“My greatest wish is that every person with intellectual disability who is dying has access to high quality palliative care to receive all of the mental and physical comfort and support they need to die in the location of their choice.”
Maria Heaton knows first hand the importance of improving palliative health care for people with intellectual disability. Maria’s children, Tristan (pictured with Maria) and Tiarna, who both had intellectual disability, required palliative care before they died.
“When Tiarna died in 2003 aged 3 years, we had access to 24/7 nursing support. Her deterioration was very rapid over days but was well managed.” Maria says.
“Tristan’s deterioration started in May 2014, and he died in July. During this period, we had an admission to hospital during which several end-of-life conversations were held at his bedside. When we were discharged home from hospital Tristan had periods of great distress for which we were administering morphine which did not seem to help. It dawned on me that Tristan was anxious. I too was anxious and distressed after that final admission. Mental health support for a person like Tristan who is non-verbal has come a long way. At the time the person who helped the most was a child life therapist who understood our needs and provided us with books to discuss anxiety, separation and death. We used these books to provide Tristan with reassurance and support.”
“Our wish was for Tristan to die at home in a familiar environment surrounded by people whom he knew and loved. When Tristan died, we only had access to nursing support during business hours and after hours we had access to phone support. The way that this impacted us was that when Tristan started to deteriorate, I had to identify the change in phase and administer his end-of-life medication at 3am. Tristan died a few hours later.”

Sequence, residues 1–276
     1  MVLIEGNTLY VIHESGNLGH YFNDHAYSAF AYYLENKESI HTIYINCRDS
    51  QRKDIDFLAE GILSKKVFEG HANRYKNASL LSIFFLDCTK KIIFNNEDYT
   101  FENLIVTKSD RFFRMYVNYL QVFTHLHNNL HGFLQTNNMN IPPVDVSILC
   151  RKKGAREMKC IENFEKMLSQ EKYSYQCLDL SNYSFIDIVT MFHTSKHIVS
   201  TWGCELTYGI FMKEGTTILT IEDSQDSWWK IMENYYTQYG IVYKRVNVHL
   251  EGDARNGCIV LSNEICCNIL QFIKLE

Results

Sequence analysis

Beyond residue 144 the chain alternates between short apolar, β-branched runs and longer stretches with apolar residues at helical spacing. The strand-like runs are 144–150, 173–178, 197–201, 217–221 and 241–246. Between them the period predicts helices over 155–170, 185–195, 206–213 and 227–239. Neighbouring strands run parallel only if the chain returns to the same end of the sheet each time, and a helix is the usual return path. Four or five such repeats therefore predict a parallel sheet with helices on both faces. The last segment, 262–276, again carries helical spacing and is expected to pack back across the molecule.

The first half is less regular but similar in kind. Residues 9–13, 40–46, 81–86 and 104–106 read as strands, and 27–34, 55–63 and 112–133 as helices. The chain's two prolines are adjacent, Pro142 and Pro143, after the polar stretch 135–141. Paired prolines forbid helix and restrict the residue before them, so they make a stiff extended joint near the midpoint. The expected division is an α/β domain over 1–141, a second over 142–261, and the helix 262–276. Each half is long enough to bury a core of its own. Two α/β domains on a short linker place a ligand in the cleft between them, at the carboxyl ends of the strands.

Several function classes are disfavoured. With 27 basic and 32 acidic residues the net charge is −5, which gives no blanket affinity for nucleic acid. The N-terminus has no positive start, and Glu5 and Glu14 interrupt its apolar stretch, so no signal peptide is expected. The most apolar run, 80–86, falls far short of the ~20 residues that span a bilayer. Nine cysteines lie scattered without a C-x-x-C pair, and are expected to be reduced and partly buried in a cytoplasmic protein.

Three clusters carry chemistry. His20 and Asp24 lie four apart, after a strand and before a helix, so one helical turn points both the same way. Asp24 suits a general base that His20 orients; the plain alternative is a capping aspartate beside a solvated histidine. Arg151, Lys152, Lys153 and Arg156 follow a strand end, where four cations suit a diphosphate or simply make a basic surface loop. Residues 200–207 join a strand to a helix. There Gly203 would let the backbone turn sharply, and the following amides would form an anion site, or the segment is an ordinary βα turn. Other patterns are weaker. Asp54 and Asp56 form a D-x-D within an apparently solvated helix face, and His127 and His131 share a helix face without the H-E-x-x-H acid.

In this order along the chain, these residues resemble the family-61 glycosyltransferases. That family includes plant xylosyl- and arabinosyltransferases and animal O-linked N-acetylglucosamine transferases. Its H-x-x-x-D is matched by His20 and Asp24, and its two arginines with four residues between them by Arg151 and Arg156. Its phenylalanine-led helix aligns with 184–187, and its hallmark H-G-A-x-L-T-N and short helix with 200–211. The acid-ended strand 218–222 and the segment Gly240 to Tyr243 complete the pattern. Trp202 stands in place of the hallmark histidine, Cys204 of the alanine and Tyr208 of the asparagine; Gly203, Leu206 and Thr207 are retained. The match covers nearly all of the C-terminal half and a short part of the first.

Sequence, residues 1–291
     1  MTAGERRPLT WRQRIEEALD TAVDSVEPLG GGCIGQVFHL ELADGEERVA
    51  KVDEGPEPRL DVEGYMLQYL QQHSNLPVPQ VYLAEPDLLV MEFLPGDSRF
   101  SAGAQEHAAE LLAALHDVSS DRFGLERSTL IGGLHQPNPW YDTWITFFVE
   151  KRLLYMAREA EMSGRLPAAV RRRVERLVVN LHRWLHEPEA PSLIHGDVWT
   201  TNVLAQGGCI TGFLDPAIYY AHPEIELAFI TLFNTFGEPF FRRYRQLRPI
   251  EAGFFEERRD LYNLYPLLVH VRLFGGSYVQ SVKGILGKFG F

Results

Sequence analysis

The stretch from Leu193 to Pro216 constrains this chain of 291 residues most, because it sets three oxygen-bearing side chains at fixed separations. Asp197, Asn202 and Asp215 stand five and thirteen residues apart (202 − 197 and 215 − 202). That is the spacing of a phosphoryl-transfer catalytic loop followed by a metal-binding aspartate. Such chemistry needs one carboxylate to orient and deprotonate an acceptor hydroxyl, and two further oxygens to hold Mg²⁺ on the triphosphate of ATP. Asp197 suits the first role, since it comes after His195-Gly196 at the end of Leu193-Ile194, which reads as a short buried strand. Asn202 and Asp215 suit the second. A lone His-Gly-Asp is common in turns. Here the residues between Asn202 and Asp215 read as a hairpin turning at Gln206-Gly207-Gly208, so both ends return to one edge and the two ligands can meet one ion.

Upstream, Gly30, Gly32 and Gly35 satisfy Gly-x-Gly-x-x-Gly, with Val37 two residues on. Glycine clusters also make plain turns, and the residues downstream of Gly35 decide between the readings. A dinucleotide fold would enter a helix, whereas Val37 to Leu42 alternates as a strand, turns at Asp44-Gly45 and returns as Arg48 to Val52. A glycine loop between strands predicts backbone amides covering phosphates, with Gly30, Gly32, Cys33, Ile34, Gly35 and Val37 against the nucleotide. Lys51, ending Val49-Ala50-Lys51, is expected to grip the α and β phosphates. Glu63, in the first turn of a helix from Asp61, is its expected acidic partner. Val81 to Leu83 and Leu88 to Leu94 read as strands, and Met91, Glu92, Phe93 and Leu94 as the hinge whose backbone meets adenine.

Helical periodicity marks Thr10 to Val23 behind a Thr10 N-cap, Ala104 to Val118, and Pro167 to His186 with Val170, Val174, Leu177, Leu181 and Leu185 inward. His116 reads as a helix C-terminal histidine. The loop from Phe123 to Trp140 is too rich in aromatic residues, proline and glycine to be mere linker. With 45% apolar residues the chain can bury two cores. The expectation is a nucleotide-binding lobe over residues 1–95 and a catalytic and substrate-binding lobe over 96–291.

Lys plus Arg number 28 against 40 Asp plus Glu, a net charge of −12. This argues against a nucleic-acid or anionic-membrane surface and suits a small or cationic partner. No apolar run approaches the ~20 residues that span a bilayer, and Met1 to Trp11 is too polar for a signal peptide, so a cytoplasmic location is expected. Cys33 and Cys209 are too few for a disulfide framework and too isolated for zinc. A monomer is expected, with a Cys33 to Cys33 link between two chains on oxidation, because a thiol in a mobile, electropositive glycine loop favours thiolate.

Palliative care for people with intellectual disability
Research highlights that people with intellectual disability are less likely to access palliative care services, and there is currently a lack of guidance on services to meet their needs. This is despite people with intellectual disability living longer and experiencing increasing rates of life-limiting conditions.
“People with intellectual disability need access to high quality palliative care to ensure that we stop what happened in the past and transform the future,” Maria says.
Want to stay up to date with our work? Subscribe to our news
Maria’s experience of palliative care is not just personal; she also has a deep professional knowledge of palliative care, having worked as a clinical nurse consultant in palliative care for many years. She is currently acting Program Manager with the Specialist Team for Intellectual Disability Sydney (STRIDES) for NSW Health. In 2012 Maria was awarded NSW Carer of the Year.
We are very fortunate to benefit from Maria’s knowledge and experience as part of the research committee for our project Improving palliative care services for people with an intellectual disability. Under this project, we are working to co-design and trial a tailored model of palliative care for people with intellectual disability, and to develop a Toolkit of resources to support provision of high quality care.
We are honoured that Maria shared her story with us for National Palliative Care Week 2023, giving us the opportunity to highlight the people at the heart of quality palliative care. Please help us raise awareness about the importance of improving access to, and quality of, palliative care for people with intellectual disability.
Together, we can work towards ensuring that everyone receives high quality palliative care.
Find out more
- Bittles, Petterson, Sullivan, Hussain, Glasson, Montgomery, The Influence of Intellectual Disability on Life Expectancy, The Journals of Gerontology: Series A, Volume 57, Issue 7, July 2002, doi.org/10.1093/gerona/57.7.M470
- Liao, Vajdic, Trollor, Reppermund, Prevalence and incidence of physical health conditions in people with intellectual disability - a systematic review, PLoS One, 2021 Aug 24;16(8):e0256294. doi: 10.1371/journal.pone.0256294